Sacramento Ballet Announces Leadership Changes

These days, when we hear news of a change in leadership at a ballet company, it feels less and less surprising. Over the past year, a surge of companies across the U.S. and abroad have changed directors, and started new chapters—from Benjamin Millepied's abrupt Paris Opéra Ballet departure, to Julie Kent taking the helm of The Washington Ballet, to Gennadi Nedvigin leaving San Francisco for Atlanta.

This week, according to The Sacramento Bee, Sacramento Ballet's board announced that the company's longtime co-artistic directors, Ron Cunningham and Carinne Binda, will depart after the 2017-18 season, when their contract ends.

Sacramento Ballet dancers rehearsing in their new studios. Photo by Manny Crisostomo, via The Sacramento Bee

For the husband-and-wife team, it will be their 30th season at the company, which they helped build and develop over the years. The ballet's school, which Binda was particularly involved with, has grown to almost 400 students, and Cunningham has been praised by critics for his varied repertory choices, which have included works by Balanchine, Trey McIntyre and Twyla Tharp, as well as his own original works. After the transition to new leadership, the pair will become artistic directors emeritus.

While Cunningham and Binda are not fighting the board's choice, they emphasized that they do not feel ready to leave. "We are not retiring; we are not resigning," Cunningham told The Bee. “We want it clear that it’s the board’s decision.”

Nancy Garton, president of the board, stressed that the decision was about mapping out a plan for the organization's future. "This in no way reflects on the quality or quantity of the work that Ron and Carinne have done with the organization," she told The Bee. The choice seems to be more about bringing in a fresh perspective and considering new directions for the company. Already, this transition comes on the heels of another big change—the company recently moved to a new home at the E. Claire Raley Studios for the Performing Arts.

A new artistic director has yet to be chosen, but the board hopes to fill the position this spring.

For more news on all things ballet, don’t miss a single issue.

Latest Posts


Left to right: Dance Theatre of Harlem's Daphne Lee, Amanda Smith, Lindsey Donnell and Alexandra Hutchinson in a scene from Dancing Through Harlem. Derek Brockington, Courtesy Dance Theatre of Harlem

Dancers Share Their Key Takeaways After a Year of Dancing on Film

Creating dances specifically for film has become one of the most effective ways that ballet companies have connected with audiences and kept dancers employed during the pandemic. Around the world, dance organizations are finding opportunities through digital seasons, whether conceiving cinematic, site-specific pieces or filming works within a traditional theater. And while there is a consistent sentiment that nothing will ever substitute the thrill of a live show, dancers are embracing this new way of performing.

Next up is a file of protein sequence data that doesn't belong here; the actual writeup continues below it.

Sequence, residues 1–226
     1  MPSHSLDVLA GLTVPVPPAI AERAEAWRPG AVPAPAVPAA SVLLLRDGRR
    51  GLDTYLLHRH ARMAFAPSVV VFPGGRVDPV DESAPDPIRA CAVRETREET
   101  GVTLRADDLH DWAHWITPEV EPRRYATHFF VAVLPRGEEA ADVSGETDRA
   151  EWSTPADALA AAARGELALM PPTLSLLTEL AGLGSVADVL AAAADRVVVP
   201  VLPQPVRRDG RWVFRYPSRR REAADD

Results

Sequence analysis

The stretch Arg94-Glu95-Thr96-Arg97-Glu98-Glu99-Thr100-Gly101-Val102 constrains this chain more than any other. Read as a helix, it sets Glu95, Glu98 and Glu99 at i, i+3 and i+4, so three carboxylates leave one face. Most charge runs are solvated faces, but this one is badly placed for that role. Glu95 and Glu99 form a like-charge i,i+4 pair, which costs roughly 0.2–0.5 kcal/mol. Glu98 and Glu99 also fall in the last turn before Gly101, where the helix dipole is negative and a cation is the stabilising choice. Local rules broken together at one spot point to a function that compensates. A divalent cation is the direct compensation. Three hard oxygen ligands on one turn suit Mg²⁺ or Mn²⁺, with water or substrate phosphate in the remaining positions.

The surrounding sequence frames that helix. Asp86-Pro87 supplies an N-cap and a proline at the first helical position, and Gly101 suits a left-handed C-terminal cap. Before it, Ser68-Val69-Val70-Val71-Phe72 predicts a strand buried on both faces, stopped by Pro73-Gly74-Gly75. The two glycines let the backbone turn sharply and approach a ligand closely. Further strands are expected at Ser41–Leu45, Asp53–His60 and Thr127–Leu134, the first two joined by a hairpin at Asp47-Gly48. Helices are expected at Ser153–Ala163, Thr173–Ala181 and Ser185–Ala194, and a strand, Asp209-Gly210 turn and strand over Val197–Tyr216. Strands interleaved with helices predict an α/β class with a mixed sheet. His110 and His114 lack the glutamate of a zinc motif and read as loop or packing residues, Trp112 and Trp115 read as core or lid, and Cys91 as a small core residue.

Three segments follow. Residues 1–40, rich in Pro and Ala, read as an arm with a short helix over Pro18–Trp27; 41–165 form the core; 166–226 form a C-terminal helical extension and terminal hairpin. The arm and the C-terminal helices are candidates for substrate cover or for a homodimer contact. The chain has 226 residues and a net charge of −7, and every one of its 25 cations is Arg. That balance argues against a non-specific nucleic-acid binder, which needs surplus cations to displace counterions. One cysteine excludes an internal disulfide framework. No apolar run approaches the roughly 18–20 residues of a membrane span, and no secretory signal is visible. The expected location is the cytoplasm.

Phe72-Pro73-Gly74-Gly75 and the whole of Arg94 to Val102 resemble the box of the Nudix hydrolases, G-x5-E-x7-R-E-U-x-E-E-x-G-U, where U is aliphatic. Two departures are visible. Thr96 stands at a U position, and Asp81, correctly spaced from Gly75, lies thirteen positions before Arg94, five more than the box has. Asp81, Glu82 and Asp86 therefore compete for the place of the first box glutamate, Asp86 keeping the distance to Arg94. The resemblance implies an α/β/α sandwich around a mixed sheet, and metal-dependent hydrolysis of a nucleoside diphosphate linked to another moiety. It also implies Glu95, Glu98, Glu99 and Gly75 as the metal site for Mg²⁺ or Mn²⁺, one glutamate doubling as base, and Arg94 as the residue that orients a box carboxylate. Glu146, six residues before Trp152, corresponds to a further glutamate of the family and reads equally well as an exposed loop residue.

Keep reading SHOW LESS

#TBT: Mikhail Baryshnikov in "Fancy Free" (1981)

In Jerome Robbins's 1944 ballet Fancy Free, three sailors on leave spend the day at a bar, attempting to woo two young women by out-dancing and out-charming one another. In this clip from 1981, Mikhail Baryshnikov, who was then both the artistic director of American Ballet Theatre and a leading performer with the company, pulls out all the stops to win the ladies' affections.

Keep reading SHOW LESS
Bethany Kirby, Courtesy Tulsa Ballet

An Infectious-Disease Physician on What Vaccines Mean for Ballet

As the coronavirus pandemic grinds into its second year, the toll on ballet companies—and dancers—has been steep. How long before dancers can rehearse and perform as they once did?

Like most things, the return to normal for ballet seems to hinge on vaccinations. Just over 22 percent of people in the U.S. are now vaccinated, a way from the estimated 70 to 85 percent experts believe can bring back something similar to pre-pandemic life.

But what would it mean for 100 percent of a ballet company to be vaccinated? Tulsa Ballet artistic director Marcello Angelini is about to find out—and hopes it brings the return of big ballets on the big stage.

"I don't think companies like ours can survive doing work for eight dancers in masks," Angelini says. "If we want to work, dance, and be in front of an audience consistently and with the large works that pay the bills, immunization is the only road that leads there."

Keep reading SHOW LESS

Editors' Picks